What on EARTH is understanding?

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Teachers dedicate their time, energy, and lives to educating people, but what is the mark of success? Is it that their students get As? That their students “understand” the material? If students receive high grades is that an adequate measure of understanding? These are all questions that educators should consider when planning their presentations of information and evaluations of learning.

In Understanding by Design there is a lot of discussion on the relationship between “knowing” and “understanding.” Often they are used interchangeably but their implications are very different. Facts can be seen in isolation, while concepts and meaning are embedded with many things. As the article states, “to grasp the meaning of a thing, an event, or a situation is to see it in its relations to other things: to see how it operates or functions, what consequences follow from it, what causes it, what uses it can be put to.” One can know things but be far from understanding how they those interact with larger concepts and ideas.

Because of the important difference between knowing and understanding, it is vital for the teacher to format evaluations around whether or not students understand the content, rather than whether or not they know it. So often students these days will cram last minute for an exam and as soon as the test is over they will file dump all of the information. They knew it for the test, and as soon as the test was done the information was discarded. If the students understand the information, that cannot be discarded as easily as isolated facts and numbers. The Essential Questions chapter presents characteristics of questions that are adequate is evaluating understanding. Number 1 states that the question should be open ended and not require a single, final answer. I think this is important because it provides a forum for the student to put all of the knowledge pieces they have gained together and form a cohesive larger picture.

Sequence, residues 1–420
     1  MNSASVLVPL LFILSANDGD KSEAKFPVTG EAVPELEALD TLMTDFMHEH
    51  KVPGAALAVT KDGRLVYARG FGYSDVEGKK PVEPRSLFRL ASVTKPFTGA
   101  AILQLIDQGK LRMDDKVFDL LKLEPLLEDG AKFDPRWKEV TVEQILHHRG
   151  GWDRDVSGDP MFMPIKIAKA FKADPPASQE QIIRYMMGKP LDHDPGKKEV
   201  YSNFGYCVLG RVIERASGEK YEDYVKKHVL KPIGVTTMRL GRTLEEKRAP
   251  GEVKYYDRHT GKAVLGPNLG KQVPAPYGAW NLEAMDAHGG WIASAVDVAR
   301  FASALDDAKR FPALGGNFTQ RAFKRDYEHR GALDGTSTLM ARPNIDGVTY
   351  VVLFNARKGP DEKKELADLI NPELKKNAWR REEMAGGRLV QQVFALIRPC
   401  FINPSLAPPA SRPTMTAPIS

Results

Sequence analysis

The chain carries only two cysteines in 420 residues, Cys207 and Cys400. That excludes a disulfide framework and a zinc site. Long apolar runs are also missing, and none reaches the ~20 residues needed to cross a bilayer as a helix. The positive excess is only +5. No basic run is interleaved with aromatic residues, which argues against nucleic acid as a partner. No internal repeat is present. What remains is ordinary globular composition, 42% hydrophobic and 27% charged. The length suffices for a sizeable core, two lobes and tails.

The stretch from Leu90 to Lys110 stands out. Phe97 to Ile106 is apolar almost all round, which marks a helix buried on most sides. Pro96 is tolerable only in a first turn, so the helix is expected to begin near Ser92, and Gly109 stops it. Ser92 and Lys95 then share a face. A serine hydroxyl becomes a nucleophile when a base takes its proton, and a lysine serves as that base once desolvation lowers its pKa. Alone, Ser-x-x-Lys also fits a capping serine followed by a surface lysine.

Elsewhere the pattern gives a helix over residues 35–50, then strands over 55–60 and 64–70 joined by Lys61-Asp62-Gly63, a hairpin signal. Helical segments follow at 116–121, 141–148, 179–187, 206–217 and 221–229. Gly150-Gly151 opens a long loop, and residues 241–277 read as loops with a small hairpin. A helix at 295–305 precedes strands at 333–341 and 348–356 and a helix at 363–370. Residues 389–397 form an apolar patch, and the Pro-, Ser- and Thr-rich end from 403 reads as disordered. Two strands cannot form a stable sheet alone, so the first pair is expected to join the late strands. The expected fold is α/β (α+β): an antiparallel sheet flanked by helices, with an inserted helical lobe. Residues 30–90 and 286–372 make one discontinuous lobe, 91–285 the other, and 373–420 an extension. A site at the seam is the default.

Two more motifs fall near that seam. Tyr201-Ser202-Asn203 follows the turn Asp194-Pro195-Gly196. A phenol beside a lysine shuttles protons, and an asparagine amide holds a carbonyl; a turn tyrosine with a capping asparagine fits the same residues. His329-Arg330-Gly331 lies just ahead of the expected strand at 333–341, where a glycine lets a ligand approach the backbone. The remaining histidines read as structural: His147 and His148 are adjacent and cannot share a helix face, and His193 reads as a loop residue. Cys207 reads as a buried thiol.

Phys.org has an article that explains that memorization actually hinders understanding in mathematics. They talk about how students will memorize their multiplication tables without developing a “number sense.” This makes them totally dependent on the memorized facts and “when students are stressed – such as when they are solving math questions under time pressure – the working memory becomes blocked and the students cannot as easily recall the math facts they had previously studied.” The article also states that “when we emphasize memorization and testing in the name of fluency we are harming children, we are risking the future of our ever-quantitative society and we are threatening the discipline of mathematics.”

This plays into the idea of proper understanding, because students knowing content does not guarantee them success in that area. It is important for them to grasp concepts and be able to apply them with greater implications. This brings me back to the Understanding by Design chapter where they discuss understanding as transferability. The chapter states that since teachers can only cover so much material within the class, it is important to teach them how to connect dots and make inferences for themselves, so that they can be in a constant state of learning for themselves.

What on EARTH are we teaching?